Midterm Review

Introduction to Phonetics, L306
R. Port, March 5, 2008

Text Materials:

Midterm Exam on Friday:  Mostly objective questions (fill-ins, short answer), some diagram labelling, a `dynamics of speech' diagram or two.  Probably a Tobi phrase or two and a short transcription. (So bring your headphones)

Transcription:  Be able to transcribe dialects of English using the basic IPA alphabet.  Recognize implosives, ejectives, clicks (labial, lateral and palatal when voiced, voiceless, aspirated and nasal).

Speech anatomy: lips, tongue tip (apex), tongue blade, tongue dorsum, tongue root.  Mouth, nasal cavity, pharynx (nasal and oral), soft palate (velum), hard palate, alveolar ridge.
       Larynx vs. glottis (larynx is cartilage and muscle, the glottis is a space), vocal folds, false vocal folds, trachea, epiglottis.

Basic symbol set of the IPA (International Phonetic Assoc.) alphabet.

Places of Articulation (for consonants) - at two `levels of detail': Labial, Apical, Palatal, Velar, Glottal, OR bilabial, labiodental, dental, alveolar, retroflex, palato-alveolar, palatal, velar, uvular, pharyngeal, labiovelar, glottal (Ladef, Table on p. 167)

Manners of Articulation (for consonants) (Chapters 3, 7, see `Manner' Table on p. 176): stop, nasal, approximant, fricative, trill, tap, flap, lateral vs. central.  What argument could you raise to claim that the click property is a Manner of Artic? (because they occur at different places, eg, labial, dental, palatal, etc)  What argument could you raise to claim that the click property is a Place of Artic? (because they come in different manners, like nasal, +/- voice, ejective, lateral, etc).

    But the Place x Manner x Voicing model of phonetics is inadequate because:


Vowel dimensions: tongue height, tongue backness, lip rounding.  For English, how many V dimensions? Only 2? (maybe just height and backness) Or 3? (height, backness, rounding)  Or more? (height, backness, rounding,  length, etc).
Monophthongs vs diphthongs.  Which Vs in English are ambiguous on this property?
`Secondary vowel articulations': nasalization, rhoticism (or retroflexion)
Stressed, unstressed; reduced vowels, full vowel; pitch accent.
Tense Vs, lax Vs; closed vs. open syllables (Which Eng Vs only occur in closed syllables? Which contrasts are usually neutralized before /r/?
        Which English Vs are the longest in duration and which the shortest?)


Stops, fricatives (obstruents); Essential gestures: oral closure + nasal closure OR glottal closure
Apical stop variants: lateral release (bottle), glottal stop (cotton), flap (or tap) (butter), trill, velar release (sudden)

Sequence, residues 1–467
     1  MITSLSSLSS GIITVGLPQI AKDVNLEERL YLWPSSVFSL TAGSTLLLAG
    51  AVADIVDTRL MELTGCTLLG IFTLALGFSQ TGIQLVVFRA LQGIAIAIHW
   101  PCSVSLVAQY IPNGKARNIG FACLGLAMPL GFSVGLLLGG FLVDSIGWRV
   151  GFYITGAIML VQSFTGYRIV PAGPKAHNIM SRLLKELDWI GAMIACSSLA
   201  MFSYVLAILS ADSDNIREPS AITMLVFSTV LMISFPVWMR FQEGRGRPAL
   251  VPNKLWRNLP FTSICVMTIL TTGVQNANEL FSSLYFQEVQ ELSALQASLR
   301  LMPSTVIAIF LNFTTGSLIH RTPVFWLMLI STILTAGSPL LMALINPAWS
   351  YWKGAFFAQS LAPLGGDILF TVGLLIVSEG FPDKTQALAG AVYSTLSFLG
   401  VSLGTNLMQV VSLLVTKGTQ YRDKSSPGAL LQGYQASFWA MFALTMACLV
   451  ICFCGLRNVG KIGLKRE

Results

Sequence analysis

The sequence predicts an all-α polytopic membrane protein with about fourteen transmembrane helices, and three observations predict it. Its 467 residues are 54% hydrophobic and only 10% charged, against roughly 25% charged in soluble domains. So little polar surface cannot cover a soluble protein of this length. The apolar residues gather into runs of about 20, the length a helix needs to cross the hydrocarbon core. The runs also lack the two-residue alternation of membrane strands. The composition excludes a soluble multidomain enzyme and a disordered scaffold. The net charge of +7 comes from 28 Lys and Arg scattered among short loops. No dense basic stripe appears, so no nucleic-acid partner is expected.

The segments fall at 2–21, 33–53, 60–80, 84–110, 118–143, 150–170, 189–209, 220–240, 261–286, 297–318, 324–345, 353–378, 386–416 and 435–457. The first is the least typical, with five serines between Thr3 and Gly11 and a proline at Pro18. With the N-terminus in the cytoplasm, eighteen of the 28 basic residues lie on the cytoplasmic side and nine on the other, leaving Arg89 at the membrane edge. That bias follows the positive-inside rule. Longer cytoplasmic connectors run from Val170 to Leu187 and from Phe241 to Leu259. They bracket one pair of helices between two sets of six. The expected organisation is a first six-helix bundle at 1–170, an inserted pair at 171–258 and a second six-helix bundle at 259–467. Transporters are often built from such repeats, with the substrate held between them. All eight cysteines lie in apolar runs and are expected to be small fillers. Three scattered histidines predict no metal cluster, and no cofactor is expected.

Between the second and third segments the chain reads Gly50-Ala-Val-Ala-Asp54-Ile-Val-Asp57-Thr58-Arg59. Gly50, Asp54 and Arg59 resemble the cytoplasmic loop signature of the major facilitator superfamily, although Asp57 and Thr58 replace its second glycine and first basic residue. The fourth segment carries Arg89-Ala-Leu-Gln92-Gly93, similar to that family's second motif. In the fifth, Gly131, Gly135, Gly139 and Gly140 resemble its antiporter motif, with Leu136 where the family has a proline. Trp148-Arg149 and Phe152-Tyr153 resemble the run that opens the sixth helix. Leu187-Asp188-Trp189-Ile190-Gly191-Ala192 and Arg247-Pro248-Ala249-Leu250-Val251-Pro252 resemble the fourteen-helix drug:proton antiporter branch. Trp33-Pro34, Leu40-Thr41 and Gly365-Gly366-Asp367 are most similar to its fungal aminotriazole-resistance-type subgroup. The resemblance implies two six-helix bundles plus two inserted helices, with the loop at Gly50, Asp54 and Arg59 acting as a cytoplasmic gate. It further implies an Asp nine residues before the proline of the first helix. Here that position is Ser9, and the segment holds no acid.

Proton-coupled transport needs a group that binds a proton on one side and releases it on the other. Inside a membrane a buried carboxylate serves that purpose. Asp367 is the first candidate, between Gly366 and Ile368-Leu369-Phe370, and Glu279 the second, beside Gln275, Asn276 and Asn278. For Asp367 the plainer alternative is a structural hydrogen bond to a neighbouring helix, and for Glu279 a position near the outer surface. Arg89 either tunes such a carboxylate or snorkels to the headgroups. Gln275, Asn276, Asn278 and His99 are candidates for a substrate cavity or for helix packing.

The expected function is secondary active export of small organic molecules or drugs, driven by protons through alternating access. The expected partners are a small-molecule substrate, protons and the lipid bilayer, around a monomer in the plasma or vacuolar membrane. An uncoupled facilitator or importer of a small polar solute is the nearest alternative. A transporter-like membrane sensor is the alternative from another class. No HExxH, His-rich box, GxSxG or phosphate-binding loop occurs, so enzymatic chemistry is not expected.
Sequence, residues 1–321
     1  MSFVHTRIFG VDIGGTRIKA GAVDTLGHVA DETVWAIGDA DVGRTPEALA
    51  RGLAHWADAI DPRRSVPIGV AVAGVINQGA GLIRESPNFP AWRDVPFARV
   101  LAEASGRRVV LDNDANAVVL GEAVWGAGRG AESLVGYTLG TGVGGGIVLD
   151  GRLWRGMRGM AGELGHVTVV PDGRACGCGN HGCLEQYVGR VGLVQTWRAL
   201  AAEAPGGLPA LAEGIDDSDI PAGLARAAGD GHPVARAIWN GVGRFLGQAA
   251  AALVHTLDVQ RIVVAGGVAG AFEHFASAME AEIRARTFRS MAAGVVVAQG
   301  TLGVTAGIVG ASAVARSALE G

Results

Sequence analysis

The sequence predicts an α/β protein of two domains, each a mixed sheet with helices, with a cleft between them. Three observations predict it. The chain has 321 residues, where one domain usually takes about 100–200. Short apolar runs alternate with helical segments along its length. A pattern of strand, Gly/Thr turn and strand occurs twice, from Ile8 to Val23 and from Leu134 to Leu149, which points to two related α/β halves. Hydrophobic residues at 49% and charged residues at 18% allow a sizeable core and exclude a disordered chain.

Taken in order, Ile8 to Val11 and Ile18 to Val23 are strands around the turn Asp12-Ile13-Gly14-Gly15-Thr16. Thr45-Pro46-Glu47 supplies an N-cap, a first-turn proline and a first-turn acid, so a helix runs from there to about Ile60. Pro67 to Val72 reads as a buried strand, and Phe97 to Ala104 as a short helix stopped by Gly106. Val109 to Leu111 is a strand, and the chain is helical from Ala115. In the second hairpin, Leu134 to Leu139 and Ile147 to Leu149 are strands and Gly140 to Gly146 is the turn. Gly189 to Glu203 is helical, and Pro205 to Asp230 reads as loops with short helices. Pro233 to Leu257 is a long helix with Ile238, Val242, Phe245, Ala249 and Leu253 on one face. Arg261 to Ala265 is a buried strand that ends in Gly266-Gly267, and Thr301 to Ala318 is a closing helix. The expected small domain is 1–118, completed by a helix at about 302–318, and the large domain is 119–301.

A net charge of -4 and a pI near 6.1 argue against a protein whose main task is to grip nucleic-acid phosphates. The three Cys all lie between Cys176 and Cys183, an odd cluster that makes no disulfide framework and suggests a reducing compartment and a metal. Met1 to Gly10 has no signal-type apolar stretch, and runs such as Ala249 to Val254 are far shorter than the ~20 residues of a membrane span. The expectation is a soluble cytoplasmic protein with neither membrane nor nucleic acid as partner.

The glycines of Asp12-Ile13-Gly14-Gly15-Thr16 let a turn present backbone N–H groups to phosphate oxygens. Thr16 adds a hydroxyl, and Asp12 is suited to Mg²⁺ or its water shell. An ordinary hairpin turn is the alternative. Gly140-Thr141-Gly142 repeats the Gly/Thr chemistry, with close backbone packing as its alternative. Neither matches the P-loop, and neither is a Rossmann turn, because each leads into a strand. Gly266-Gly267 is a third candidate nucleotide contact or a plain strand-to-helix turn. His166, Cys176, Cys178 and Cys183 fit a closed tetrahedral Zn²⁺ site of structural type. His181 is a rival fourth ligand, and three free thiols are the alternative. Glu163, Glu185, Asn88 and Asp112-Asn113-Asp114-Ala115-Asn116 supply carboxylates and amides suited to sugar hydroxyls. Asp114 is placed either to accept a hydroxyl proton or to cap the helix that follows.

Homorganic relationships, voicing pairs. What is coarticulation?
Air stream mechanisms: (pulmonic, glottalic, velaric) X (ingressive, egressive).  Match these with `plosive, ejective, implosive, click.'
Voice-onset time: Continuous-valued, in fact, but across languages has 3 modes: prevoiced, short-lag (unaspirated), long-lag (aspirated).
        Cf. Eng vs. French VOT patterns.

Other `voicing' cues for English: vowel duration and obstruent duration for postvocalic obstruents.

Affricates vs. fricatives (note spelling!)
Breathy-voiced stops (voiced aspirates) (eg, in what languages?)
Glottal articulations:  [h] vs. voiceless vs. voiced (laryngealized voice, glottal fry, breathy voice, etc.)
Be familiar with the major English `allophonic variants' of vowels and consonants (pp. 71-76).

Port's `Continuous-Time English Speech Production Model'

Based on a set of `independent articulatory systems': Lips, Tongue-tip, Tongue-body, Velum, Vocal-folds. Each of these dimensions (or systems) is largely independent of the others, and has a limited set of mutually exclusive values.  (Eg, the lips can be open, rounded or closed, but can never be in two states at once.) Each system changes state in continuous time in one dimension (eg, lip rounding) or two (eg, tongue body position).  Plots of each articulatory system (reducing each to a single dimension) can be plotted against time (somewhat like a musical score). Be able to draw such plots for any single words showing coarticulation, assimilation and certain prominent timing details.

Properties of the IPA phonetic alphabet

Phonology: A.  the application of phonetic sounds for spelling morphemes in languages.
                    B.  study of the sound patterns employed in the dictionary and speech of a language community  (Port's def)
Prosody (other than timing)
ToBi Analysis (Tones and Break Indices). This is the most useful method for transcribing English prosody (and some other languages as well).  There are 4 types of tone: Pitch accents (PA) (H* peak, L* low, L*+H scoop, L+H* rising peak, (H)...!H downstep high), Phrasal tones (H-, L-),  final boundary tones (L%, H%) and initial boundary tones (%H, %L).  Some common patterns are the ``Declarative phrase intonation'' (%L..PA..L-L%), List item or continuation rise (..PA..L-H%) and ``Nuclear accent'' (a pitch accent near the end of an intonation phrase).